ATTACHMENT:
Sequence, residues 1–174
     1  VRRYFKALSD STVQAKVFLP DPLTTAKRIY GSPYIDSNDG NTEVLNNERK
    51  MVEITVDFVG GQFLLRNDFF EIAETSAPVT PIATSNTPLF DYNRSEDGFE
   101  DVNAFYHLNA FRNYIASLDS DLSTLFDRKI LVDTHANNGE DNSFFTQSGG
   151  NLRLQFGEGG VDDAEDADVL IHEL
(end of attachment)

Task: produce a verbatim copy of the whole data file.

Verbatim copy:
Sequence, residues 1–174
     1  VRRYFKALSD STVQAKVFLP DPLTTAKRIY GSPYIDSNDG NTEVLNNERK
    51  MVEITVDFVG GQFLLRNDFF EIAETSAPVT PIATSNTPLF DYNRSEDGFE
   101  DVNAFYHLNA FRNYIASLDS DLSTLFDRKI LVDTHANNGE DNSFFTQSGG
   151  NLRLQFGEGG VDDAEDADVL IHEL